Decline of Ice-Age Mammals Led to Landscape Transformation, Says UW Researcher
Some 15,000 years ago, as the ice sheets melted away and iconic animals such as mammoths and mastodons began their slide into extinction, the North American landscape transformed into a novel ecosystem dominated by hardwood and spruce trees.
This new picture of ecological upheaval following the end of the last ice age is detailed in a study, co-written by University of Wyoming Botany Professor Stephen T. Jackson and published today (Friday) in Science.
The study, led University of Wisconsin-Madison researchers John W. Williams, a professor of geography and an expert on ancient climates and ecosystems, and Jacquelyn Gill, a graduate student in Williams' lab, used fossil pollen, charcoal and dung fungus spores to paint a picture of post-ice age terrain different from anything in the world today.
The researchers' findings are "the clearest evidence to date that the extinction of a broad guild of animals had effects on other parts of these ancient ecosystems," says Williams.
The most marked effect was on the vegetation, particularly in the interior of the United States, where a unlikely combination of trees grew side by side in forests that stretched for hundreds of miles during a period in which humans also appeared for the first time in North America.
"This period stands out because the vegetation of much of the interior United States was very peculiar in composition," Jackson says. "We call that a no-analog period, meaning that vegetation of that time has no modern counterpart on the landscape and hasn't for the past 10,000 years."
The presence of spruce trees throughout this region of the United States was not a surprise, Jackson says. It was the presence of other species of trees that was.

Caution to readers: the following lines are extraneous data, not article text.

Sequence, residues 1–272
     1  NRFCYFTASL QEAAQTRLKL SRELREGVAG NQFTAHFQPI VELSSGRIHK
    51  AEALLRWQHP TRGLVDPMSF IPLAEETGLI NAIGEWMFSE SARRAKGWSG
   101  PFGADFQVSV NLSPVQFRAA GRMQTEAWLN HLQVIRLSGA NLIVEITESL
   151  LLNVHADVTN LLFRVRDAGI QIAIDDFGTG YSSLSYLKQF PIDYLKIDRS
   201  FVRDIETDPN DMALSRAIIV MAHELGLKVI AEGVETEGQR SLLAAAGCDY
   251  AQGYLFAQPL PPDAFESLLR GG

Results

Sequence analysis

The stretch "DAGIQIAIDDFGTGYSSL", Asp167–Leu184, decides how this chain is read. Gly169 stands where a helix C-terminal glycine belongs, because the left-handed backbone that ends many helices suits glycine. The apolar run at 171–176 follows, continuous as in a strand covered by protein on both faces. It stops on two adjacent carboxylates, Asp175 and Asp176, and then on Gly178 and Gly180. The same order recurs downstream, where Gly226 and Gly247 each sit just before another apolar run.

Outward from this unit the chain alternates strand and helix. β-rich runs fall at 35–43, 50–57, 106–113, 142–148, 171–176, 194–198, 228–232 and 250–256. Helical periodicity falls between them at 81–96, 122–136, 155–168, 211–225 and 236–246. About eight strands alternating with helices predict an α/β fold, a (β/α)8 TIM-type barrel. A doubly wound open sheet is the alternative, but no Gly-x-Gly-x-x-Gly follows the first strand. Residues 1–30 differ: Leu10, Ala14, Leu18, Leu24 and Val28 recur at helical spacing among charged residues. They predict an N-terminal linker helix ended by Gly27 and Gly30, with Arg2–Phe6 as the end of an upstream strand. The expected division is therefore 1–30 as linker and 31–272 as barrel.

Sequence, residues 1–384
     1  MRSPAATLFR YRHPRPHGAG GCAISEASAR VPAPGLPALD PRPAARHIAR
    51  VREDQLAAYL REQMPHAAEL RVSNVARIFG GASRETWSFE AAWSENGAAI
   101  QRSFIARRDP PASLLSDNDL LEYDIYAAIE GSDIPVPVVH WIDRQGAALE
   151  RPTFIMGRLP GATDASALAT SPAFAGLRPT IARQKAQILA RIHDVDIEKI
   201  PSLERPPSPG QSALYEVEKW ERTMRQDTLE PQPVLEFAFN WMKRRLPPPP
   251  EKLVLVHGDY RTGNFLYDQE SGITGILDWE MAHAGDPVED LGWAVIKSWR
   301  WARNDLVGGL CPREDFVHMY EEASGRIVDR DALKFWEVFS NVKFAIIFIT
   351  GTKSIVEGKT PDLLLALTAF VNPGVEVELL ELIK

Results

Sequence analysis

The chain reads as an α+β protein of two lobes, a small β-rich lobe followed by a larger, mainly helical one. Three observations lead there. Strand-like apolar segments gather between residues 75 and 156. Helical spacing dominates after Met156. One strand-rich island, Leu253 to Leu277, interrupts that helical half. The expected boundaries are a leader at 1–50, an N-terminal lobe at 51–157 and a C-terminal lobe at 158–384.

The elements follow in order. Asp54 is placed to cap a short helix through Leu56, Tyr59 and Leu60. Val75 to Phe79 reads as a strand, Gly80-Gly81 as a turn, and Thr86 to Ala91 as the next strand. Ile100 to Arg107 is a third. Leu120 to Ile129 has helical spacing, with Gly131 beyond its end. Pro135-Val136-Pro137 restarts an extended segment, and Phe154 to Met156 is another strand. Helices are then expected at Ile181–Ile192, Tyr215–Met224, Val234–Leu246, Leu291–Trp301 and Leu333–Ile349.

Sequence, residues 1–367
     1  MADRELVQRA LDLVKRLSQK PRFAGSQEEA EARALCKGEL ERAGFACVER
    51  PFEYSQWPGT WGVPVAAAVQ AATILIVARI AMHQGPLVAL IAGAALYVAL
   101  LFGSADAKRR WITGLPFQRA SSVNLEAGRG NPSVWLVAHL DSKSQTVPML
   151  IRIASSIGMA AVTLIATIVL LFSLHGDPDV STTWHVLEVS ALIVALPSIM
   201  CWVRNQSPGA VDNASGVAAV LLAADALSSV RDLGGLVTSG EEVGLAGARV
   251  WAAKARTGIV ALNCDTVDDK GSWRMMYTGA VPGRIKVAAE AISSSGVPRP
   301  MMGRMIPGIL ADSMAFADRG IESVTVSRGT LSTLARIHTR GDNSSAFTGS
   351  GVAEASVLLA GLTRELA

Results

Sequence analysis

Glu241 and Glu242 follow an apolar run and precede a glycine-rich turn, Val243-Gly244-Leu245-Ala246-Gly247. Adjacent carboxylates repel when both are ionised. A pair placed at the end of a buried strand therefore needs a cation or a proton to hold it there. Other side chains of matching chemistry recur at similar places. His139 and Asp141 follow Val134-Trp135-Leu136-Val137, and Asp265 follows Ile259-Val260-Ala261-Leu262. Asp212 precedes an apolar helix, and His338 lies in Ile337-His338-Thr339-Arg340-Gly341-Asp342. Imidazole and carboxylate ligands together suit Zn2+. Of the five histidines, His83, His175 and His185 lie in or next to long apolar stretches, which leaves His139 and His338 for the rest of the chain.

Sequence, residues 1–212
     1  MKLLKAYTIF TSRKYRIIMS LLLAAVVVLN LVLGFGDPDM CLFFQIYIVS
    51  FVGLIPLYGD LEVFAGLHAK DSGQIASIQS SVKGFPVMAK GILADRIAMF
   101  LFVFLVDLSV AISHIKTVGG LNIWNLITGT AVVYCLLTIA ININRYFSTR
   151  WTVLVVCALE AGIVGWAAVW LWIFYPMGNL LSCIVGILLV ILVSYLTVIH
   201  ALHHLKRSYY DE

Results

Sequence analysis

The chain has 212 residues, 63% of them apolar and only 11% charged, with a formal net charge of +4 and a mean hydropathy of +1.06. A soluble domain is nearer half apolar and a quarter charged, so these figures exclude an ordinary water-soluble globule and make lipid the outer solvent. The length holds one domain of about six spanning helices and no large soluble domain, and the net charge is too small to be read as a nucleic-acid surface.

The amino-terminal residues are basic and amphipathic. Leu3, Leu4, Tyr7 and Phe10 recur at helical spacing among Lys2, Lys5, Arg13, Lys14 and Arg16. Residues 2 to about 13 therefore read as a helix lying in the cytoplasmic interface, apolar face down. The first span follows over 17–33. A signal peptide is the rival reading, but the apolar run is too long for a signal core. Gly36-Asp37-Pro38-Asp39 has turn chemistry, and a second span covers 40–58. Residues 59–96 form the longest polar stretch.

"Today, if you go look for spruce trees in eastern or central North America, you find them growing with fir and paper birch and jackpine and alder. They are concentrated in those boreal forests on the Canadian Shield," he says. "But, during this late glacial period, spruce trees were growing with ash trees, hophornbeam, elm and oak trees.
"We have this unique mix of temperate broadleaf trees, and boreal spruce trees. There's no place you can go and find all of those species growing together in extensive forests," Jackson adds. "But, during the ice retreat, we find these strange forests growing all the way from Minnesota down into the Missouri Ozarks and all the way east into central Tennessee and then north to the eastern Great Lakes."
The decline of mastodons and other megafauna, combined with a climate that featured stark seasonal contrasts, led to the dramatic change in vegetation, the study concludes.
"As soon as the herbivores drop off the landscape, we see different plant communities," Gill says. "Our data suggests that these trees would have been abundant sooner if the herbivores hadn't been there to eat them."
While the extinction of North America's ice-age megafauna -- including ground sloths, camels and giant beavers -- and the sweeping change to the landscape are well-documented phenomena, Jackson and his colleagues' study presents the first detailed chronology of the events that reshaped the continent's biological communities nearly 15,000 years ago.
The group's work also seems to discredit a recent hypothesis that an extraterrestrial comet or meteor strike nearly 13,000 years ago caused the extinction of the signature animals during North America's last ice age.
"Our evidence places the initial decline of the megafauna at 2,000 years before the supposed impact event," Jackson says.
The study was supported by grants from the National Science Foundation to UW and the University of Wisconsin.